I've loved cars for as long as I can remember, especially American muscle cars, and the third generation of Corvettes, also known as C3s for short, ranks at the top of the list.

I've also owned a few Firebirds, Camaros, a couple El Caminos and even a 1971 Mustang, which is sort of out of character for a guy who favors vehicles manufactured by "the General." But the Mustang was a fun car, especially for an 18-year-old guy.

Okay, I might as well do the right thing and admit that my first car was a Ford Falcon. An in-line six-cylinder, 3-on-the-tree station wagon, baby!

I also had Chevy Blazer K5s, a Vega, a Buick Skylark, a GMC Syclone, and even a Fiat 125.

At nineteen I bought my first Corvette, which was a 1968 model. Nothing special about it, really. It had a 327/350 mill coupled to an auto trans. It would light up the tires when summoned to do so, so it was a fun car to drive.

The '68 was followed by two 1971 Vettes which I bought to flip. Then, in 1982 I think it was, I bought a 1976 Stingray which served duty for over a year as my daily driver. I then sold it so I could purchase a used 1982 Firebird SE.

Fast forward to 2013 and—for reasons unknown—I purchased a 1975 project Corvette. Thank God common sense prevailed and I was able to sell it before I went broke trying to fix it. At least I broke even from that deal.

After that, I purchased my 1976 Corvette Stingray, which has undergone many changes while under my care. I think they are all good changes, especially the rebuilt motor.

This blog is the chronicle of the process of restoring, restomodding, fixing and improving my Vette. I hope it provides some information you'll find useful.

Thank you for reading.


Why a Corvette?
It's America's Sports Car, Jack. That's why.

But seriously; I love the looks of Third Generation Vettes, and I think that having owned six of them over the years makes my case.

Why a 1976 Corvette?
I've owned three chromies: a 1968 and two '71s. And while I still love the look of all that chrome, I tend to favor the cleaner and more contemporary look of the "rubber" bumper C3 Corvettes.

But you never know what the future may bring, so a chrome bumper Corvette is always a possibility.

As far as post-77 Vettes go, I like them, but I am a die-hard fan of the "sugar scoop" rear window. Besides, I never understood why Chevy failed to make the bubble fastback glass an opening hatch. Yeah, they did that in 1982 and only for the Collector's Edition, so they missed the boat for several years.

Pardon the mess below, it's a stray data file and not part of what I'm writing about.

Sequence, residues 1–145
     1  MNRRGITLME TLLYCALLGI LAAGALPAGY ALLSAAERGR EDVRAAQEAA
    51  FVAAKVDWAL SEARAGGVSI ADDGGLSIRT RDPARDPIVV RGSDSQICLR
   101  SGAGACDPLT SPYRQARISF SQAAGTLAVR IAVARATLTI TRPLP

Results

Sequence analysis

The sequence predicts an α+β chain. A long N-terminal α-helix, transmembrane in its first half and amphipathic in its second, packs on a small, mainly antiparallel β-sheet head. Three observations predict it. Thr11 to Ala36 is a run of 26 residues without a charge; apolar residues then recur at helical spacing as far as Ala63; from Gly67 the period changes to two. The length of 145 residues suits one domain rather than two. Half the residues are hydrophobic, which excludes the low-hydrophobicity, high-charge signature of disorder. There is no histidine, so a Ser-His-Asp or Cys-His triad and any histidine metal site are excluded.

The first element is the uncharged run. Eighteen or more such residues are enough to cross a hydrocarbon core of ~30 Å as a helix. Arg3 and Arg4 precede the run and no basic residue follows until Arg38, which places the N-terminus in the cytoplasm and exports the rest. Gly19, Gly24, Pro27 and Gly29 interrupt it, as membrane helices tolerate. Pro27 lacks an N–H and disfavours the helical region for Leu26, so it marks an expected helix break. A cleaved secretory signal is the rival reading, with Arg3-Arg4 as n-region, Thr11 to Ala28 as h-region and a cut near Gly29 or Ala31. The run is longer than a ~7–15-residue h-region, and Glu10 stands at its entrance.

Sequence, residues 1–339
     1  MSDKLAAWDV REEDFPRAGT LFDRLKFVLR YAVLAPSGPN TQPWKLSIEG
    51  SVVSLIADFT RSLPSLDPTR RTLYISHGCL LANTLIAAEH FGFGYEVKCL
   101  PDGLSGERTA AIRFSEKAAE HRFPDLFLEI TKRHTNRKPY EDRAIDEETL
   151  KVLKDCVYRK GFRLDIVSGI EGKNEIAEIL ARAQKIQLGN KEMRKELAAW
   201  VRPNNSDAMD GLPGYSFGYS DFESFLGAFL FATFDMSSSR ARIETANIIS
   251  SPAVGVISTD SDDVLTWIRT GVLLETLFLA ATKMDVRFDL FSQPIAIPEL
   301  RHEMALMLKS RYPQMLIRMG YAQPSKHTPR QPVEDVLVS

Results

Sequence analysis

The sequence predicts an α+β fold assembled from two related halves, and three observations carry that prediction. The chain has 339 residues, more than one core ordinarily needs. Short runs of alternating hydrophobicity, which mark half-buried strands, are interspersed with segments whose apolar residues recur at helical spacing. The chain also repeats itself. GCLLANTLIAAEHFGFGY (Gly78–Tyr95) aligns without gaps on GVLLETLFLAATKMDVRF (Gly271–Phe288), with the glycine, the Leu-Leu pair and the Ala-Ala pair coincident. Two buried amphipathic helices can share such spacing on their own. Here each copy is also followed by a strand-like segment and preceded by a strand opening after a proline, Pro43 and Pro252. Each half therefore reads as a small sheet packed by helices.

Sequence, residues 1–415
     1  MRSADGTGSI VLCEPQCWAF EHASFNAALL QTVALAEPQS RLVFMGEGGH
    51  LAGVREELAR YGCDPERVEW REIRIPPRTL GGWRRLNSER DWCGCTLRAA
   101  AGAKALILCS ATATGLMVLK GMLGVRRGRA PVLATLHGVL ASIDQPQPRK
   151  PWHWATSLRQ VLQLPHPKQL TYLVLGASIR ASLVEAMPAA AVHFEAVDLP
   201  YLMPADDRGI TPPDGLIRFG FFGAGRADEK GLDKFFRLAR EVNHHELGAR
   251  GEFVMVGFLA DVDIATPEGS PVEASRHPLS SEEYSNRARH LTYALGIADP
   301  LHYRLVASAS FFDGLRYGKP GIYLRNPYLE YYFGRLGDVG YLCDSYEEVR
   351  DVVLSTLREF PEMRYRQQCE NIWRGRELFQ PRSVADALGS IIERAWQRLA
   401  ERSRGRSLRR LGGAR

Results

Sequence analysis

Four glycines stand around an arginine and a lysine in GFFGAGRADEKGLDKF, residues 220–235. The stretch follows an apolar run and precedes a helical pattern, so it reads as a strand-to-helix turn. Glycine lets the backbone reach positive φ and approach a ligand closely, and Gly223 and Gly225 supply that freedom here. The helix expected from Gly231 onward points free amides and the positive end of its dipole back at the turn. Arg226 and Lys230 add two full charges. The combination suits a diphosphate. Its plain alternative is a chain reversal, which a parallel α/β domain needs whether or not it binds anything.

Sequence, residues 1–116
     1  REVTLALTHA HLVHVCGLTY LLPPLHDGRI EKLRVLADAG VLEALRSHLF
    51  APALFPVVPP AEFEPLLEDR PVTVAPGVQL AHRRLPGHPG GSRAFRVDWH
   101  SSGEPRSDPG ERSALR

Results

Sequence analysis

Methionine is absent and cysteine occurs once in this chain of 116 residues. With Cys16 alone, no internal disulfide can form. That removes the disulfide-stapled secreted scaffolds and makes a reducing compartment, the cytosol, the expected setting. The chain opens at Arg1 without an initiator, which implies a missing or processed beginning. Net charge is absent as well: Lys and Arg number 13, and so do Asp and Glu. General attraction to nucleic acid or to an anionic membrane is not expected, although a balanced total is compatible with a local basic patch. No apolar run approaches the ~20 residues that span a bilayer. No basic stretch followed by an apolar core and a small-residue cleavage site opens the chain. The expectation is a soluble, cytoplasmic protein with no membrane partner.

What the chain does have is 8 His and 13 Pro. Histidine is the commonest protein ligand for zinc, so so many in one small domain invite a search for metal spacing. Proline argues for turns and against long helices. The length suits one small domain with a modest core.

Why a red 1976 Corvette?
"All Corvettes are red. The rest are mistakes."
—John Heinricy | Racecar Driver and Corvette Assistant Chief Engineer (Ret.)

Just kidding! I've owned C3s in blue, yellow and beige! Yeah, I know. Beige! Not that sporty. But—in retrospect—beige actually looked good, especially with a bright red interior. Besides, it was the seventies, man!

Anyway, I've always loved red sports cars, so when this one showed up on Craigslist, I had to go check it out.

Originally my '76 was silver (paint code 13), but the second owner had it repainted years ago a pretty unique shade of red, which looks great on the car and gets lots of compliments.

Since I do not know the manufacturer or code of the paint color he chose, when asked about it I simply refer to it as "lipstick red," and everyone's happy with that explanation.

The day I found it (Monday, February 16, 2015).

Inspection and test-drive day (Wednesday, February 18, 2015).

The day I brought it home (Friday, February 20, 2015).

My '76 Corvette Stingray today.

Thank you for following my '76 Vette Blog!

DISCLAIMER: Even though I like to wrench on my own vehicles, and most of my articles are of a how-to nature, I am not responsible nor liable should you decide to follow my musings on the subject. The repairs and other work I do are for my own benefit and entertainment, and even though my articles may sound like technical how-to advice, they are not intended as such. They just sound better that way.

Working on a vehicle is inherently dangerous, so if you're not 100% confident, qualified, or do not have the necessary tools to do the job correctly and safely, have a licensed mechanic do the work for you.

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